Thursday, January 19, 2012

Ron Paul Marginalizes CNN

The CNN South Carolina Republican debate this evening, facilitated by CNN's John King, paid more attention to Ron Paul than did the Fox debates, but, like Fox,  CNN aimed to  avoid covering Paul, for Paul threatens corporate interests.  Time Warner owns CNN; Rupert Murdoch owns Fox. Paul's reference to the corporate media is more threatening to them than Newt Gingrich's elitist media.  Given that Paul's results have doubled  Gingrich's in the first two races (although Gingrich is out-polling Paul in South Carolina), there were many CNN camera shots that excluded Paul but included Gingrich, Romney and Santorum.  There were long periods when King completely ignored Paul.  Even on medical issues, concerning which Paul has more competence than the other candidates, King ignored him. Eventually, someone in the audience cried out about the imbalance, and King relented.

Even more revealing was Anderson Cooper's "360" post-debate analysis.  There was almost no mention of Paul.  I watched it simply to see how infrequently they mentioned Paul.  I left the room a few times, but I don't think they mentioned him at all.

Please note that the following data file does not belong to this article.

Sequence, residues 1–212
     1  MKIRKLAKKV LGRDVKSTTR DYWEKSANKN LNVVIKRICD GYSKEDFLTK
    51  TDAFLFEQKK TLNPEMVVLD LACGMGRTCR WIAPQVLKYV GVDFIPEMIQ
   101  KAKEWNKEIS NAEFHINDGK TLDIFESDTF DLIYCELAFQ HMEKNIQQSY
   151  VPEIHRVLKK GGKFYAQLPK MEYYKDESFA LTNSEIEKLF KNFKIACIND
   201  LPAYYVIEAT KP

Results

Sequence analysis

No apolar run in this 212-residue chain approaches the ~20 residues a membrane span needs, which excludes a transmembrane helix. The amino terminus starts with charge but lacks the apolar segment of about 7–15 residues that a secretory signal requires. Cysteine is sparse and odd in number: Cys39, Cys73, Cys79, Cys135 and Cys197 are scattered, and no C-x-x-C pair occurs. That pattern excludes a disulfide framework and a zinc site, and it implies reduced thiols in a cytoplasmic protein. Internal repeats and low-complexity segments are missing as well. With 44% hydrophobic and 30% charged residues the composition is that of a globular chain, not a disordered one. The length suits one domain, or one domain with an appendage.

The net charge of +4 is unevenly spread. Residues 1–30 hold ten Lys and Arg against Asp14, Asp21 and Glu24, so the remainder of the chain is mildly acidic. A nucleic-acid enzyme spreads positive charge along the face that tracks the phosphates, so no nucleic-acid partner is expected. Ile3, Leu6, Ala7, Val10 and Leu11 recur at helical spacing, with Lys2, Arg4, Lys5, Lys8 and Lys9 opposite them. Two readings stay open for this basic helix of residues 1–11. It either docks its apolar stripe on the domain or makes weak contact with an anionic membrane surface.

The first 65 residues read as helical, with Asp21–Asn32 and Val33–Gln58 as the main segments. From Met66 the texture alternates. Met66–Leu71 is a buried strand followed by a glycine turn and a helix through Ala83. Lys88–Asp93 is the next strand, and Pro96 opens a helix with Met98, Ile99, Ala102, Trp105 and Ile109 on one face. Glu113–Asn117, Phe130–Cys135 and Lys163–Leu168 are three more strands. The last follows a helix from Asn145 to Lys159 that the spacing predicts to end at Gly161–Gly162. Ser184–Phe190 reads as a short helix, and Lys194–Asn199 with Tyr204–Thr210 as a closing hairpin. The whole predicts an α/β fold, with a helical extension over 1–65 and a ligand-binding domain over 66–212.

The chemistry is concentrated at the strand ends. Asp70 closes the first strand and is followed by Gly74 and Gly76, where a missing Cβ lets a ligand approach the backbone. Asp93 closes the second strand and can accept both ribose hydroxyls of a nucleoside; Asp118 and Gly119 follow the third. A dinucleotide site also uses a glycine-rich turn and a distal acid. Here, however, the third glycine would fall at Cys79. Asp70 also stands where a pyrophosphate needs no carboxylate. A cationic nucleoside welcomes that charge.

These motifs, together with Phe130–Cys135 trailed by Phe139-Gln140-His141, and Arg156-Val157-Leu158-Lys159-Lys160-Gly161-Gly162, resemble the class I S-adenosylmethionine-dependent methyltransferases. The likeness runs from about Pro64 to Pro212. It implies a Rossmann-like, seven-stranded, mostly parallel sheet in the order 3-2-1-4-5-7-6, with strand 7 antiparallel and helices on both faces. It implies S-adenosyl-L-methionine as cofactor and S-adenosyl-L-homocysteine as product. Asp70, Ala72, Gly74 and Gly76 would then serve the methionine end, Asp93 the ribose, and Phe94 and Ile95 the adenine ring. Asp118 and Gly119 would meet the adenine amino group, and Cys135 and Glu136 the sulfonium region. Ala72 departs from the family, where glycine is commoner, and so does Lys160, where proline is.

Paul's anti-Fed platform profoundly threatens Anderson Cooper's employer, Time Warner, which would not have been formed 11 years ago without the Federal Reserve Bank's counterfeit liquidity. That AOL-Time-Warner merger bought martinis for investment bankers at the expense of the average American's real hourly wage.  What better example of mal-investment than Time Warner itself? What greater waste? How much did the Fed extract from the public to finance sleazy Wall Street investment bankers' fees for that value-destroying merger?  To hear Paul condemning mal-investment and the corporate media on Time Warner itself, the belly of the Wall Street beast, was cause for celebration.

It is Paul who is marginalizing CNN, King, and Cooper, not the reverse.  Only Paul raised the key issue: America's debt and its monetary policies.  Only  Paul was willing to state the obvious--America's, both Democrats' and Republicans', monetary policy is bankrupt.


As the public is beginning to see that only Ron Paul raised the chief issue facing America, monetary policy,  his numbers will continue to outpace expectations.  If he can continue the 20% level that he has won in New Hampshire and Iowa, he will transform American political dialogue. Paul is the most radical major candidate since Eugene V. Debs polled 913,693 votes for the Social Democratic Party in 1920.    The Progressive system that socialist Debs advocated, and that Republican socialist Theodore Roosevelt implemented, has failed.  Ron Paul is the only candidate in either party willing to discuss its failure.